Doing so in your own head can be daunting at times. However, by putting it down on paper, you can isolate the problem and focus on it in a new and different way. Try to write about your thoughts regularly, and challenge them. You may find yourself finding ways to deny your depressive thoughts, and cling to new thoughts.

5. Talk to A Licensed Therapist

If you feel overwhelmed by depression and feel you cannot manage it alone, that is okay!

Depression is a serious condition that sometimes requires the assistance of a professional. A licensed therapist has years of training and experience treating depression. It is not always clear why someone has depression, but a professional may be able to help you identify underlying problems that could be a contributing factor.

This insight will help you develop a better understanding of what is causing you to feel depressed as well as how to handle depression.

If you have questions, please feel free to contact me or schedule a complimentary phone consultation to discuss your concerns. 

Depression Is Not Weakness

It is very important to reiterate that getting help is not a sign of being weak, and neither is depression. It is difficult for some to sympathize with people who struggle with depression because we are used to diseases and disabilities being physical rather than mental. When someone is suffering from depression or PTSD, their lack of apparent physical problems at the time may suggest to some people that their “real problem” is a matter of character or morality.

This can be a very difficult and painful burden to bear. While struggling with depression, most people make an effort to appear normal and healthy to the outside world, to put up a façade because it is easier than bearing the shame of not being “properly put together”. However, that does not mean things are fine, or that depression does not have a physical impact. It may take someone three to five times longer to get ready than other people, and on some days, taking a shower can be so monumentally challenging on a mental level that you may even end up skipping it for a week or two.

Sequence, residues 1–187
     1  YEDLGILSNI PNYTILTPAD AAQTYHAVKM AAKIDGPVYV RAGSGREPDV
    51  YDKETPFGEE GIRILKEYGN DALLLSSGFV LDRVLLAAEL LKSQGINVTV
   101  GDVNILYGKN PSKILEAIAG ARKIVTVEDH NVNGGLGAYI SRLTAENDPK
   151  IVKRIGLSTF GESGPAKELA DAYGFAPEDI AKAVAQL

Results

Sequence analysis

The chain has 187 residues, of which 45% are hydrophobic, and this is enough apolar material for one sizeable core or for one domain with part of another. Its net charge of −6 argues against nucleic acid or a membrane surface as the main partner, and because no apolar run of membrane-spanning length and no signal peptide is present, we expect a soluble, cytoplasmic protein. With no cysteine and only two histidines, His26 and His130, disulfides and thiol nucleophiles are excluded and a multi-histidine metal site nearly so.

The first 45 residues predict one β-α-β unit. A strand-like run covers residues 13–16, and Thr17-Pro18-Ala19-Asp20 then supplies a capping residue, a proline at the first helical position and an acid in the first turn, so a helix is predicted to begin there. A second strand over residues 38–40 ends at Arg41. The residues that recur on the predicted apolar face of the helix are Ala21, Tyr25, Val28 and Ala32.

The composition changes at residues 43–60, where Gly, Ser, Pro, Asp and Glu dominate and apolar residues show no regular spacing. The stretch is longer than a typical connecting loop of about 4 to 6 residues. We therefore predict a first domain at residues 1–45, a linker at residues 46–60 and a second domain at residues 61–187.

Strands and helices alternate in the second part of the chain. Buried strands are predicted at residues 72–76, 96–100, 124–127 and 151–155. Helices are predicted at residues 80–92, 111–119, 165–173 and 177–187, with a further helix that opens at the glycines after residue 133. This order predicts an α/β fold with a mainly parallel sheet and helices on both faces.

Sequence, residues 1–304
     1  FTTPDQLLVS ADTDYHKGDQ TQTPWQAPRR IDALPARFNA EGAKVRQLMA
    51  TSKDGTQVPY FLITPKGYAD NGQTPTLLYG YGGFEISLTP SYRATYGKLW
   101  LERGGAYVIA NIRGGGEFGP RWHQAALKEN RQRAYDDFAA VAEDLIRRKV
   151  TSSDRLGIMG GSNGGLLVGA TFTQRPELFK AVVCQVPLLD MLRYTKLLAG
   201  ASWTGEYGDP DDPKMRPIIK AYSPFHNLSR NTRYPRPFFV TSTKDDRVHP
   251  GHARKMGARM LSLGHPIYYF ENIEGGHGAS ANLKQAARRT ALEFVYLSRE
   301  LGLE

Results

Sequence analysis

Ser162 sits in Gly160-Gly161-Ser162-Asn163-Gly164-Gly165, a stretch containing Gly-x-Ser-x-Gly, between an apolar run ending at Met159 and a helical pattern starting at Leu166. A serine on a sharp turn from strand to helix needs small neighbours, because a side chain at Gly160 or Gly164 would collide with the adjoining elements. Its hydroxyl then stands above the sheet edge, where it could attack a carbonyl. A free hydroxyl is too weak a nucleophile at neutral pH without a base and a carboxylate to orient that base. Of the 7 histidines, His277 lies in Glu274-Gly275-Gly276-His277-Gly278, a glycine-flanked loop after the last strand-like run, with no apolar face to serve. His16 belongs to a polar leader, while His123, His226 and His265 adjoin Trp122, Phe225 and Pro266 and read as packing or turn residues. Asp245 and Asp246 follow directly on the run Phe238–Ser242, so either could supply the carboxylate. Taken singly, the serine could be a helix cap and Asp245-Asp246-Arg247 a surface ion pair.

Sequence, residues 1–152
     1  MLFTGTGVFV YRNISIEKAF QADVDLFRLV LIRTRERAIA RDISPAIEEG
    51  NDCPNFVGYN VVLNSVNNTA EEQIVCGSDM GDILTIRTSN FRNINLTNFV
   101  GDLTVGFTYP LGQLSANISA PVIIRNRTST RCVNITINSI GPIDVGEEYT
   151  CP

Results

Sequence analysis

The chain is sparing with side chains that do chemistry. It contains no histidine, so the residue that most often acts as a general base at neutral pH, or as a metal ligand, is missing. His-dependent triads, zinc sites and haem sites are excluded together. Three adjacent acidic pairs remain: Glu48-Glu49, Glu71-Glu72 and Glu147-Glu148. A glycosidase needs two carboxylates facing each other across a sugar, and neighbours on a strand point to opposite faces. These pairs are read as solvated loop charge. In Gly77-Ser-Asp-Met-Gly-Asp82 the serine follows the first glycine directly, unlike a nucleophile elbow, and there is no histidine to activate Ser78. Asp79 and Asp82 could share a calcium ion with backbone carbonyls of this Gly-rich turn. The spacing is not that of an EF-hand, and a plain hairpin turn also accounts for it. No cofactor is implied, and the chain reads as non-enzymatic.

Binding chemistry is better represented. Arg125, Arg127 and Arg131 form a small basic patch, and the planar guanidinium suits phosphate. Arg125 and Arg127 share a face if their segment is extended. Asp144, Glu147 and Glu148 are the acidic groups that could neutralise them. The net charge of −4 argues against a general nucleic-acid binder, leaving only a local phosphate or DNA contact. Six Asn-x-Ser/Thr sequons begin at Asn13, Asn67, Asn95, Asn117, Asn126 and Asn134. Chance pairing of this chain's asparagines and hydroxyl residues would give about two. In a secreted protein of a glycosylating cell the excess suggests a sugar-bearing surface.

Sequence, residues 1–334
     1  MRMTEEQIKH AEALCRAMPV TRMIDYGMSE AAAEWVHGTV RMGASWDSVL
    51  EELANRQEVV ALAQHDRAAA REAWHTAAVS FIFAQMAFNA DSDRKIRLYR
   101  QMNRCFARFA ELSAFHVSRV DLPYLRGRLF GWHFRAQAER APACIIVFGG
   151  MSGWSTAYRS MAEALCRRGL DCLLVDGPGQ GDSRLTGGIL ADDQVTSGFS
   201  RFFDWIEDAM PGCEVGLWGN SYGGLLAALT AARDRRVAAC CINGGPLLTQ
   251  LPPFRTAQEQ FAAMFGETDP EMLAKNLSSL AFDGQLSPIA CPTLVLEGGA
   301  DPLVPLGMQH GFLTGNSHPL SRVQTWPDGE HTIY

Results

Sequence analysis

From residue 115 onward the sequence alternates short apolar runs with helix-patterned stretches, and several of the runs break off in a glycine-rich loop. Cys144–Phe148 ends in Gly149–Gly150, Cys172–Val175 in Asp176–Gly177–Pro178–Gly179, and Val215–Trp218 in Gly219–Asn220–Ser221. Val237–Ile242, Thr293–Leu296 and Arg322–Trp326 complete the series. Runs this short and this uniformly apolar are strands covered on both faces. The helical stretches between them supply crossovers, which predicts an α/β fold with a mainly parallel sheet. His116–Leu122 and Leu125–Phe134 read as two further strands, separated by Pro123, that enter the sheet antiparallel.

This is not weakness or a laziness. It is a disease, and there is nothing shameful about fighting against a disease and seeking help from a licensed therapist.

Conclusion

Sometimes it is going out for a walk, sometimes it is getting up to do some cleaning, and sometimes it is just making your way to the nearest movie theater and watching something. Doing anything at all can help you get out of a dark mental place, and maybe help you find something more worth your time.

Depression is a common mental disorder, affecting an estimated 300 million people around the world. 

It is important you identify depression as early as possible so you can develop a better understanding of how to handle depression. Try these five steps and let me know how it goes. If you feel like you need professional treatment, please schedule a complimentary phone consultation so we can discuss your concerns and explore your options.


Chris Massman is a licensed Marriage and Family Therapist in Agoura Hills, CA. She graduated Phillips Graduate Institute with a Master of Arts in Psychology in 2014 and received her Chemical Dependency Specialty in 2014. Today, she practices Congnitive-behavioral therapy to help individuals, couples, and families identify and overcome a variety of unique challenges.